trendspotting | PLANADVISER January/February 2017

12b-1 Fees Expected to Continue

But retirement plans will take a cautious approach.

By Lee Barney | January/February 2017

Some experts believe retirement plan sponsors should never offer mutual funds with 12b-1 revenue-sharing fees in their investment lineups. On the other hand, other experts maintain that by crediting revenue back to the plan, funds with 12b-1 fees can ­actually cost less than those without such fees.

In either case, considering their strict fiduciary responsibility, defined contribution (DC) plan sponsors have a duty to compare funds that have these fees with those that do not—and to decide which best fits their participants’ individual circumstances.

According to data from the Investment Company Institute (ICI), retirement plans have been moving away from funds with 12b-1 fees: In 2015, 16% of 401(k) mutual fund assets had 12b-1 fees, down from 26% in 2010.

The trend toward the levelizing of compensation plus the 2012 fee disclosure rules and the pending fiduciary rule together make a strong case for why plan sponsors should not offer funds with 12b-1 fees, believes Chad Parks, CEO and founder of Ubiquity Retirement and Savings. “Adviser fees should be known and signed off contractually, not paid through the mutual fund,” Parks says. “Third-party administrator [TPA] and recordkeeping fees should also be known and negotiated as hard-dollar costs. I see no reason why a plan sponsor would use a 12b-1 fee.”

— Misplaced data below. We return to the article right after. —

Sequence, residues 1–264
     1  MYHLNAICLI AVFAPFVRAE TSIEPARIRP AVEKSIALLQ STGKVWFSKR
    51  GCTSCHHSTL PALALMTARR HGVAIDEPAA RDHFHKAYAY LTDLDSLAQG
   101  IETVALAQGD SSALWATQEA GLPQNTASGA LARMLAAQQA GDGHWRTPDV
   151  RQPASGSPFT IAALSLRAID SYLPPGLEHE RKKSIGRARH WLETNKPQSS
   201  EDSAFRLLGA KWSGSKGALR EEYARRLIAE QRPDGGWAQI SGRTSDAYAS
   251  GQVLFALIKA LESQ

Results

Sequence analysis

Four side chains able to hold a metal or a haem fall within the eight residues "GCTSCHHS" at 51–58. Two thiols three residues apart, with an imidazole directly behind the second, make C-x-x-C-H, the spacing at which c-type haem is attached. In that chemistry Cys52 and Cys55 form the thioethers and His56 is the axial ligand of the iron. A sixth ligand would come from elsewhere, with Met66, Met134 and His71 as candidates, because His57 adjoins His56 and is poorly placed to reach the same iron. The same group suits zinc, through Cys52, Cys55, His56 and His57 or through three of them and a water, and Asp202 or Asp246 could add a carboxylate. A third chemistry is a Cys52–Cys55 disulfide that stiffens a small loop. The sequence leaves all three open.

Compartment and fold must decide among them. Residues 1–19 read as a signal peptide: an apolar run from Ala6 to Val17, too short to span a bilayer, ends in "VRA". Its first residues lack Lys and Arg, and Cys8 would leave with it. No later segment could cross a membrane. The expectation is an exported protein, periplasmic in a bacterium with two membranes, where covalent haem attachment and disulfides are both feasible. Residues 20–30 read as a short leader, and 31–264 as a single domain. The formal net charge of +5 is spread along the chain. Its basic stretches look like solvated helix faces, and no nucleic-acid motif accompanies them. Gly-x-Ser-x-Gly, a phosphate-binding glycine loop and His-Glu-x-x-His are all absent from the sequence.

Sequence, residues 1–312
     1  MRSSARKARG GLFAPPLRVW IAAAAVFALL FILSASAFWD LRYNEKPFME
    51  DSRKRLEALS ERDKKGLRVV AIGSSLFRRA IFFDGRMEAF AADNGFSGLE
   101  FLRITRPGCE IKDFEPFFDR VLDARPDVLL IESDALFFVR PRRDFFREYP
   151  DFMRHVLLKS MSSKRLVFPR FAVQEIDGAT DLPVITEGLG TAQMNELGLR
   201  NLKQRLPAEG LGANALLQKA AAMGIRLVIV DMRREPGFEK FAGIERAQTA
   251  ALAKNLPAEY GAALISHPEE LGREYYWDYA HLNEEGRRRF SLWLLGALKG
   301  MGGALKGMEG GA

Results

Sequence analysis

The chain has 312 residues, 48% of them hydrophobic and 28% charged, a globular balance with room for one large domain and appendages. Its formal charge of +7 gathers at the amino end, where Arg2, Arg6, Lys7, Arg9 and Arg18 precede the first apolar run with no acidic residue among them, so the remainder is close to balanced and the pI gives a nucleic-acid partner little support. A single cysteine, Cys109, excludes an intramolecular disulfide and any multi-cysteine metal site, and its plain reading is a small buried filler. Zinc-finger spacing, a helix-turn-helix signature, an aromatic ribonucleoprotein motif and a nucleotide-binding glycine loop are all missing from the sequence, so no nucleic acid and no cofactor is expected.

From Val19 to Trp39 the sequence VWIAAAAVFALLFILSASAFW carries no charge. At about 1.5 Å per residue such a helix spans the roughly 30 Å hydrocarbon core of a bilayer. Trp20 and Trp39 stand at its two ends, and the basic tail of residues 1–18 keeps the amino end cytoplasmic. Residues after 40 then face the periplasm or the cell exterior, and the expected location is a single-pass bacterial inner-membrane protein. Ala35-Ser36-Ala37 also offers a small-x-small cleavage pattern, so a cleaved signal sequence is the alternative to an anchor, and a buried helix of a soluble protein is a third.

Eric Endress, vice president and senior investment consultant at CBIZ Retirement Services, agrees. Even prior to the Department of Labor (DOL) 2012 fee disclosure rules, there was a trend among retirement plans to move toward funds with institutional share classes with no revenue sharing, he says. “We are seeing a best practice among our clients to move to all institutional share classes and add on the fees for outside services such as recordkeeping and advisory services separately, so there is clear transparency to the participants,” Endress says.

Brian Menickella, who is managing partner and head of the financial services division at The Beacon Group of Companies, is adamantly opposed to retirement plans using funds with 12b-1 fees. “The current system under fire by the Department of Labor, and its fiduciary rule, is a system created by the broker/dealer [B/D] establishment to disguise how and how much they get paid,” Menickella says. “There is no reason for revenue sharing. There are simpler methods for 401(k) plans to display costs as line items for every vendor.